By Sue Shekut, Owner, Working Well Massage, Licensed Massage Therapist, Certified Wellness Coach, ACSM Personal Trainer
Last night I enjoyed the advantages of 2010 technology. I watched an episode of the show “30 Days” on my television downloaded from Netflix! 30 Days is a TV show is about people spending 30 days in an environment fairly different from their own. The episode I watched was about a highly stressed man that visited a Life Coach and spent 30 days doing “New Age” therapies to reduce his reaction to stress. While some of the “therapies” were of questionable merit, many of them helped the man and he ended up becoming a calmer, happier man and building a closer relationships with his wife!
One of the things the man enjoyed, and continued to keep up after the 30 days had ended, was yoga. More and more research is coming out about the benefits of yoga. I don’t see yoga as a New Age therapy, but then I’ve been doing yoga for about 17 years. And yoga has been around for much longer than the U.S has been a country (as has acupuncture). As more and more Western style scientific research is done on the benefits of yoga and more people in the U.S. incorporate it into their daily lives, yoga has become more “mainstream.”
I came across a great article from Yoga Journal on “Banishing Burnout.” In the article, author Jennifer Pirtle shares some information about current research on yoga and stress relief. She shares some insights into how doing yoga can help you learn to react less to stressors in the workplace. I am sharing some excerpts with you below:
More Bad News About Workplace Stress
Recently, a team of researchers at the University of California at San Francisco (UCSF) found that stress may even accelerate aging at the cellular level. The study found that the blood cells of women who had spent many years caring for a child with a health condition appeared to be, genetically, about 10 years older than the cells of women whose caretaking responsibilities were less prolonged.
Although the study focused on caregivers, the findings apply to overworked employees, too. “People with other sources of life stress showed similar relationships between their levels of stress and cell aging,” says Elissa Epel, Ph.D., an assistant professor in the department of psychiatry at UCSF and the study’s lead author.
Stress itself, Epel emphasizes, is neither inherently good nor bad. Instead, how you perceive and react to it determines how it will affect your health. “In the study,” she explains, “the perception of stress was more important than whether one was under the strain of caregiving or not.”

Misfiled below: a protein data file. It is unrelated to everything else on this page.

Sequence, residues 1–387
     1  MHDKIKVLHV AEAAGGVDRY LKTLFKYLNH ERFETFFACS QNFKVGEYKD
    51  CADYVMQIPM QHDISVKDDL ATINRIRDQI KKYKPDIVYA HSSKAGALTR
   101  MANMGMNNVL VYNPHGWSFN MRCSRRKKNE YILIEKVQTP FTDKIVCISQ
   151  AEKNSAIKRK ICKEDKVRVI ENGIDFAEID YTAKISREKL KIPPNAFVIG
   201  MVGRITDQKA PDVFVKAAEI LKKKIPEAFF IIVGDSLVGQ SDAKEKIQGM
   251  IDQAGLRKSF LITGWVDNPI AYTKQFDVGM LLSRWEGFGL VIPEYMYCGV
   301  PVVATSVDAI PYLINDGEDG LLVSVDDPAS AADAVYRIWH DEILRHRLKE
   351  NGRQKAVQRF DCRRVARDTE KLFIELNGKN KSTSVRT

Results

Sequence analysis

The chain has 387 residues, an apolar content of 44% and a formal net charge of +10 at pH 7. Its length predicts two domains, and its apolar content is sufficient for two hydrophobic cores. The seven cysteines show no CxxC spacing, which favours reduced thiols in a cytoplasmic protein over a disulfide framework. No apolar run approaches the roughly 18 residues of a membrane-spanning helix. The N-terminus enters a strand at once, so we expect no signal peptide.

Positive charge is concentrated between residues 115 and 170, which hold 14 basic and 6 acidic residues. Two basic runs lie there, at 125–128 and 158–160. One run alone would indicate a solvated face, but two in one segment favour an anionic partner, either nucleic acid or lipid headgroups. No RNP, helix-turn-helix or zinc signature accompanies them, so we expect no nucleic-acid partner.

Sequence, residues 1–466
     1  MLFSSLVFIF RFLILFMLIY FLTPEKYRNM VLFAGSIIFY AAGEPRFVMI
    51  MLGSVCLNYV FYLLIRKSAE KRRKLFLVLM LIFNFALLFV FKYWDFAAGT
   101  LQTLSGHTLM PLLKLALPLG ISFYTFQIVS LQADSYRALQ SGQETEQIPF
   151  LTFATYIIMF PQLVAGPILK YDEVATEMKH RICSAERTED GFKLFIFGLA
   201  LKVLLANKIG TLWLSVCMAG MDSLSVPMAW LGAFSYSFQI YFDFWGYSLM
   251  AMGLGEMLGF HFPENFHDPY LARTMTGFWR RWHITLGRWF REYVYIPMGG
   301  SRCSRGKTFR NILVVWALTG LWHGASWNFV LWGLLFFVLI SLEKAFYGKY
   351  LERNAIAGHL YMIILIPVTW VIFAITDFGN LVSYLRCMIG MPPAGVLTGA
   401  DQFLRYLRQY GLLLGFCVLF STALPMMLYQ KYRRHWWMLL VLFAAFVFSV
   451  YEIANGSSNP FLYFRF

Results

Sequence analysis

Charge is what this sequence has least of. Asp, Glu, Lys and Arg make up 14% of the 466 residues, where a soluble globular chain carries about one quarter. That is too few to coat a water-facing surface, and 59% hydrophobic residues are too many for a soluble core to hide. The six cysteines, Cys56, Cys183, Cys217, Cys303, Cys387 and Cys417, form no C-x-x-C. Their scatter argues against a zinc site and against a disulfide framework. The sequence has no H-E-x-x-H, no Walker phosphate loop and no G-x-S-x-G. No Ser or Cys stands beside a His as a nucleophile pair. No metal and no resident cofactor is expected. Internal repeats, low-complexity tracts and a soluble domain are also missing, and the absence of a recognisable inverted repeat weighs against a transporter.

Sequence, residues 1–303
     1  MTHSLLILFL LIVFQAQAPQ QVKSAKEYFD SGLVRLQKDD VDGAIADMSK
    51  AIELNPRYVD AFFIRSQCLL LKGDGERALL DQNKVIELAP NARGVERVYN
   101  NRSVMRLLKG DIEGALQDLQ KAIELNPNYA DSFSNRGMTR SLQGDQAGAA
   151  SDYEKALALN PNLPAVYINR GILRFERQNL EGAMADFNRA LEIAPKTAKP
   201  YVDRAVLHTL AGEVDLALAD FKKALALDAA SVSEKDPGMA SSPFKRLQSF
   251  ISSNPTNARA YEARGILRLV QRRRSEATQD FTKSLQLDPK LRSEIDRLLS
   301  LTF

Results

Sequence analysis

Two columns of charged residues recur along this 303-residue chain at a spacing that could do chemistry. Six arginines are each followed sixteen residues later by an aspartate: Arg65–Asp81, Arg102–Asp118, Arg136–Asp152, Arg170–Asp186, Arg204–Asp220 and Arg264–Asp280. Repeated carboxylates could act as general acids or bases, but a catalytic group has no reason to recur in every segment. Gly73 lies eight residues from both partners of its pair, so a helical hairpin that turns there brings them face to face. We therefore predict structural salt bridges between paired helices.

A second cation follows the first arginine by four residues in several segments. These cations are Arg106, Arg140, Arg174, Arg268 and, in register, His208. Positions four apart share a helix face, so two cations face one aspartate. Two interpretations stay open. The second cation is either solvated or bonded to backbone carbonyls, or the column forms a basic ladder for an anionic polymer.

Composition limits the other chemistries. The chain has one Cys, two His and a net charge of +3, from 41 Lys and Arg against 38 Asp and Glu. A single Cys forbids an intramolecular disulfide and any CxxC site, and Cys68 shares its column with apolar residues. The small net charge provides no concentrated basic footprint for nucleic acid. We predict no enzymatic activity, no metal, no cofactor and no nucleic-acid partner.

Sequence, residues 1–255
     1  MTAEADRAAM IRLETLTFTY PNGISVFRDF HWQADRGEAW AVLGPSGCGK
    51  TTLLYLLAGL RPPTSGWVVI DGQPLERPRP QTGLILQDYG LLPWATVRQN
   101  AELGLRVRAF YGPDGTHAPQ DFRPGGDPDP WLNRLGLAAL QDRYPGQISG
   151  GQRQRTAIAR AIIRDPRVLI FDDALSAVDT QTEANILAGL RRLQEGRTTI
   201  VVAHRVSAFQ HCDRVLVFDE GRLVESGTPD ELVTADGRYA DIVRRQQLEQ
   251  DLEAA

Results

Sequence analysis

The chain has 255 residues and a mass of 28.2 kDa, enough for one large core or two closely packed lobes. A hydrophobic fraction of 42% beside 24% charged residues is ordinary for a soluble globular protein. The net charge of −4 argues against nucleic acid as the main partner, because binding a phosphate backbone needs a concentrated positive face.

Making your work less stressful doesn’t have to mean leaving it behind for good. (And how many of us can hope to do that, anyway?) Instead, the key is to transform your relationship to the stress so that it no longer overwhelms you. More and more people are discovering that mind-body practices like yoga, qi gong, and meditation can be hugely helpful in shifting the way they react to stress.
How Does Yoga Help With Stress?
You’re likely to feel many of yoga’s benefits the first time you step onto the mat, says Timothy McCall, M.D., an internist and Yoga Journal‘s medical editor. “When you’re doing Downward-Facing Dog, your mind is saying, ‘I want to come down now; my arms are tired,’ but if your teacher tells you to hold the asana a little longer, you find the strength to do it,” he says. “At that point, you realize that you don’t have to respond to every urge you feel. At other times, when your body says it needs to come down, it really needs to. Yoga teaches you to tune in to what your body is telling you and to act accordingly.”
With practice, this awareness will spread into other areas of your life, including your work. “As you learn to separate the urge to act from the reaction, you begin to find that something like a canceled meeting or having a last-minute project handed to you may not rattle you as much as it once did,” says McCall. “You can detect stressors—what Buddhists call the spark before the flame—earlier, then pause long enough to think, ‘Well, maybe I don’t need to respond.'”
That’s what happened for David Freda, a 41-year-old software engineer in Pasadena, California. He had practiced yoga sporadically to help him deal with job-related anxiety in the past, but after he took a new position at an investment company in 1999, he decided to get serious. “I have very high standards as an engineer. As a result, I have a pattern of getting fed up with co-workers and bolting from my jobs,” he says. “When I took this job, I decided to stick it out to see what I could change in myself. I had a strong sense that yoga could help me do that.”
“When I’m doing a challenging posture such as Revolved Triangle [Parivrtta Trikonasana], I can stay in the posture, focus on my breathing, and perhaps not push quite so hard,” he says. “That approach helps me in my job. When I’m confronting someone who is making a bad technical decision, I consider what I could say that would facilitate what I want to achieve. In the past, my emotions would have gotten the best of me, but now people are more inclined to listen and to engage. Even my boss has commented on the changes.”
Read the entire article with many more great insights into how yoga can help you learn to battle workplace and life stress here.
Related articles by Zemanta
- Yoga For Children: Hundreds Of Children In The United States Learn Yoga Amidst Controversies! (dirjournal.com)
- Relax here: Free yoga, fancy condos (timeoutny.com)
- I’ve Heard Yoga Can Relieve Anxiety. How? (usnews.com)
- Dieting Failure Linked to Being Stressed Out (mariaslastdiet.com)
- Stress during pregnancy may increase offspring’s risk of asthma (scienceblog.com)